Friday Cephalopod: Legal precedent

By carrying that coconut, octopuses of this sort made a change in their legal status necessary.

The extent of octopus intelligence is debated, at least among vertebrates, but there is evidence of pretty complex behavior, including possible tool use. See, e.g., J.K. Finn, T. Tregenza, and M.D. Norman, "Defensive tool use in a coconut-carrying octopus," 19 Current Biology 1069 (2009). The evidence was enough to convince the UK to grant protection to the common octopus (Octopus vulgaris) in 1993, thus ironically granting it a certain elite status.

That discrimination ended in 2010, however, when the EU enacted a broader directive that let the other octopuses and even squid into the club:

In addition to vertebrate animals including cyclostomes, cephalopods should also be included in the scope of this Directive, as there is scientific evidence of their ability to experience pain, suffering, distress and lasting harm. [Therefore, t]his Directive shall apply to the following animals: (a) live non-human vertebrate animals [and] (b) live cephalopods.

They are calling it an "honorary vertebrate," which sounds rather like a demotion to me. Can we instead declare people to be honorary cephalopods? Thank you, that would be awesome.

More like this

Cool new report in Current Biology, Defensive tool use in a coconut-carrying octopus: The use of tools has become a benchmark for cognitive sophistication. Originally regarded as a defining feature of our species, tool-use behaviours have subsequently been revealed in other primates and a growing…
I was reading a review paper that was frustrating because I wanted to know more—it's on the evolution of complex brains, and briefly summarizes some of the current confusion about what, exactly, is involved in building a brain with complex problem solving ability. It's not as simple as "size…
Octopus marginatus, in a coconut shell And here it is, taking a walk while holding its shell with a few arms (good thing it has spares). Figure from Cephalopods: A World Guide (amzn/b&n/abe/pwll), by Mark Norman.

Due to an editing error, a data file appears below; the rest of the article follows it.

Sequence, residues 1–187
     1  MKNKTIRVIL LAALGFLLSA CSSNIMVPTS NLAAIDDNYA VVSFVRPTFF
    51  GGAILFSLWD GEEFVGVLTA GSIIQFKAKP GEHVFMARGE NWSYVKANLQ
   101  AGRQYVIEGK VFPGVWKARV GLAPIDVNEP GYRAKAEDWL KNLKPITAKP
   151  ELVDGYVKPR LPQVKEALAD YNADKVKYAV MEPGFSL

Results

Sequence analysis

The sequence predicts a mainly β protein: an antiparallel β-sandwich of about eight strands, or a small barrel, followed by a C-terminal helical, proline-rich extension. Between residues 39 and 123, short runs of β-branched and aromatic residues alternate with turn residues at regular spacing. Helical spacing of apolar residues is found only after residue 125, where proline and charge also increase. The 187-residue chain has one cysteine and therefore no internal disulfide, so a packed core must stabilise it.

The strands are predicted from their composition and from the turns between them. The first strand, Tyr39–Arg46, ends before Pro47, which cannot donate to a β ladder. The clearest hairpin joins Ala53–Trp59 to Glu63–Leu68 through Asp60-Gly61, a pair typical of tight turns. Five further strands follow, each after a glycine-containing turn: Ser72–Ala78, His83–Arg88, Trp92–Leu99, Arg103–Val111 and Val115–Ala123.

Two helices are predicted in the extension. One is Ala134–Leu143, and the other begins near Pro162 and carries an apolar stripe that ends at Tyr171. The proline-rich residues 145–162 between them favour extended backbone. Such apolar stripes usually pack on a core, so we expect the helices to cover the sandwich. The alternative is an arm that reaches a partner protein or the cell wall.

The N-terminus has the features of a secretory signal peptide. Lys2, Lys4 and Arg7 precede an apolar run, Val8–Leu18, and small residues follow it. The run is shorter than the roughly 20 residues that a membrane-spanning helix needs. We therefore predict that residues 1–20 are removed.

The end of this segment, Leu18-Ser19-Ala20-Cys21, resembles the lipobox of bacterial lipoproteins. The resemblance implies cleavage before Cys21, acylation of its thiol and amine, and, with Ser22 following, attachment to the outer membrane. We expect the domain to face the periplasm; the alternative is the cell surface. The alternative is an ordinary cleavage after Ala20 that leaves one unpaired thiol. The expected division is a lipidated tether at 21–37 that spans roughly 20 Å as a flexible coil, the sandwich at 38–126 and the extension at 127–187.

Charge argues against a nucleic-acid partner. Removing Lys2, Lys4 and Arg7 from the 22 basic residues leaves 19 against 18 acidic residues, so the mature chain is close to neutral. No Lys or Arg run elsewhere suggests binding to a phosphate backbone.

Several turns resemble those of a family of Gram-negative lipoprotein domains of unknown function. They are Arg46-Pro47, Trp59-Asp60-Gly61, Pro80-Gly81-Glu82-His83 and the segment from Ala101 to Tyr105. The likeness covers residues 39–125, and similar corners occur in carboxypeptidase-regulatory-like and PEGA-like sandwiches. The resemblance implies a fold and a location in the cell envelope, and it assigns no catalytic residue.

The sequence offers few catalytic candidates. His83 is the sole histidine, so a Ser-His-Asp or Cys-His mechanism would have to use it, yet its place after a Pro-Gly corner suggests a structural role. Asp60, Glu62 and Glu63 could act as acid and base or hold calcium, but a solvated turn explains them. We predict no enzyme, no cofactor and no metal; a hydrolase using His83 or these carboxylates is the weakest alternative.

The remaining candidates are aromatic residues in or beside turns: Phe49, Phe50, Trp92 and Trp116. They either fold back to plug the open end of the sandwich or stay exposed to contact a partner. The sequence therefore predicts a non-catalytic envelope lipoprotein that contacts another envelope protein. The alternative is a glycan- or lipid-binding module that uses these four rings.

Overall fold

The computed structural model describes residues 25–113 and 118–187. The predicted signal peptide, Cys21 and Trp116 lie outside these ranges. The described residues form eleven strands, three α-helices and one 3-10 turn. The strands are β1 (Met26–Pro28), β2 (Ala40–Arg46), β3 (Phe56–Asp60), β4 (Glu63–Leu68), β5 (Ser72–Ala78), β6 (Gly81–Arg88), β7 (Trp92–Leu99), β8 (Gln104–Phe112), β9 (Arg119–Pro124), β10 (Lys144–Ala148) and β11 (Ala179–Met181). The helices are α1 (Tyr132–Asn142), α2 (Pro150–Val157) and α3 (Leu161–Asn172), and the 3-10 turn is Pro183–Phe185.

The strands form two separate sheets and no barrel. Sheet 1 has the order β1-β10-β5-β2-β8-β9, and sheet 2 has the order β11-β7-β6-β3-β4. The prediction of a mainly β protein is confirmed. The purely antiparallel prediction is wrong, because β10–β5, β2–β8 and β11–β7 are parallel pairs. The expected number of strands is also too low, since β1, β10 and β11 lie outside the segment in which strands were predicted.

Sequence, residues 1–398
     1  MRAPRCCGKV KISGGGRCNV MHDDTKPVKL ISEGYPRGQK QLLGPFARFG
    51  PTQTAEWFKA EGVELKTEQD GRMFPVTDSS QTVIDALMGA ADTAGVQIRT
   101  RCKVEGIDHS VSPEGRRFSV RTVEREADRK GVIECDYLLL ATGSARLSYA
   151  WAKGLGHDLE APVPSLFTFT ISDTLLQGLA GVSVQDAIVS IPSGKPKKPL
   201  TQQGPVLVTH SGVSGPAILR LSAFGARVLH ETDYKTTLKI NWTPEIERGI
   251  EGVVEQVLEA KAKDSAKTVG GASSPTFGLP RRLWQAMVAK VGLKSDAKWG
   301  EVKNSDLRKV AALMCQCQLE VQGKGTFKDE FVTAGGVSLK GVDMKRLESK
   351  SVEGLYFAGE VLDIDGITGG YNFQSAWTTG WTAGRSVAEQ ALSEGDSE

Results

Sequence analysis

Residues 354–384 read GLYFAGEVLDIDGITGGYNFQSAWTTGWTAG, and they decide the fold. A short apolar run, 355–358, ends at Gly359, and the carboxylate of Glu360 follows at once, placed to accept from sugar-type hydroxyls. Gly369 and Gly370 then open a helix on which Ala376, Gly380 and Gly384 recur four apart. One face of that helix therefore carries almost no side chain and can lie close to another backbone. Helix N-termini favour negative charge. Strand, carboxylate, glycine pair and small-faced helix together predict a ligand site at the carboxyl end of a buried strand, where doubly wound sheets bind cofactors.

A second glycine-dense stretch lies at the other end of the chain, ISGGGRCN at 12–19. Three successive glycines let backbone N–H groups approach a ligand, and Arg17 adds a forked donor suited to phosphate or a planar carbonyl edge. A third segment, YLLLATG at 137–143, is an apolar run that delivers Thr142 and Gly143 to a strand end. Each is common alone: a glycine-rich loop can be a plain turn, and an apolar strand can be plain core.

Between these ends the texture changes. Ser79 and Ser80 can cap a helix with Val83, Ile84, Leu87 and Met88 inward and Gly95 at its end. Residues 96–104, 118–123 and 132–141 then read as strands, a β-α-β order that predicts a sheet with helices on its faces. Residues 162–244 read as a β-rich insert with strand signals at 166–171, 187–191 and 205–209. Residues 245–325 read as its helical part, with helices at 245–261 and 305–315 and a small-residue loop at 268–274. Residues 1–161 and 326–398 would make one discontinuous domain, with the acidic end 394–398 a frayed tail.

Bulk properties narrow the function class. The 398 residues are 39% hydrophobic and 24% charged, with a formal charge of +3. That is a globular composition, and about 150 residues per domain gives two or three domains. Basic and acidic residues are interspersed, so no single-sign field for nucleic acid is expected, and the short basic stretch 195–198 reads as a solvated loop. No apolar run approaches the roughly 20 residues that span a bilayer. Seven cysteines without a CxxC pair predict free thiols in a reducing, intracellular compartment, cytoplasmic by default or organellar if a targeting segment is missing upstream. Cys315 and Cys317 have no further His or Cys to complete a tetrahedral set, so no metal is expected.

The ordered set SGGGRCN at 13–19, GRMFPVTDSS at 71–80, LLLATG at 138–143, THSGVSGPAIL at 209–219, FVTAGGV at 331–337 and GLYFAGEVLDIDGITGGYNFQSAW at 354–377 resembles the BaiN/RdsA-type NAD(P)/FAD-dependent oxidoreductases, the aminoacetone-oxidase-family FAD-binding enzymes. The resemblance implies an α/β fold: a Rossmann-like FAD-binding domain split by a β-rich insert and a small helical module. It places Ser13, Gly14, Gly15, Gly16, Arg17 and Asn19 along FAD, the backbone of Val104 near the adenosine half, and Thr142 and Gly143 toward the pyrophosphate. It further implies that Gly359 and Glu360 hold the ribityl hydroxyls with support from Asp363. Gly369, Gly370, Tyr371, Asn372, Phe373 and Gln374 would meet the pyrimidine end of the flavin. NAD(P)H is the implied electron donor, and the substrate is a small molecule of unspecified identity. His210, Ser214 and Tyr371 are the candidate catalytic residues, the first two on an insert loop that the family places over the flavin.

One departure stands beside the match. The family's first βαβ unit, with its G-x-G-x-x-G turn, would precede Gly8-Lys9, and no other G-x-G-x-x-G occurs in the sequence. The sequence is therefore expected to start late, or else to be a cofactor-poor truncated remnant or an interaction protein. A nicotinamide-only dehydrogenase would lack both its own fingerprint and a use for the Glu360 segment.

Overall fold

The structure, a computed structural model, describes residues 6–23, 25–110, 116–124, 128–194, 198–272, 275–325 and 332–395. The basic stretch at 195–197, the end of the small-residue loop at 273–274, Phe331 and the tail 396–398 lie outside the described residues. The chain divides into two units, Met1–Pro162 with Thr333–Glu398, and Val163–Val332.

Ever since the giant squid's star-turn in 20,000 Leagues Under the Sea, cephalopods have shown promise in the world of film. Though sharks may get the glory (and the title roles), their tentacled nemeses stole a scene in Oldboy and were conspicuous by their absence in Watchmen. Now they're stealing…

There is more that unites us than divides us.

We have over 7.2 billion people on the planet today and not one wise leader among us can be found with the foresight and requisite leadership skills to provide anticipatory guidance. Neither a Nero can be located fiddling in a tower nor a Napoleon waiting at Waterloo. We have named our species Homo sapiens sapiens, but where are "the wisest of the wise" among us? Will a wise leader please stand up! The potential leaders I see are running off in mad frenzy pursuing only one thing......money. Can 'flying for the buck' be the wisest thing to be doing in our time? Or have the wisest of the wise taken flight aboard private jets, heading in different directions with plans to ravage the Earth on one fool's errand after another? All leading members of the last generation with the power to change course, to do something that makes a difference with regard to climate change, biodiversity loss, pollution and extreme poverty.

By Steven Earl Salmony (not verified) on 23 May 2015 #permalink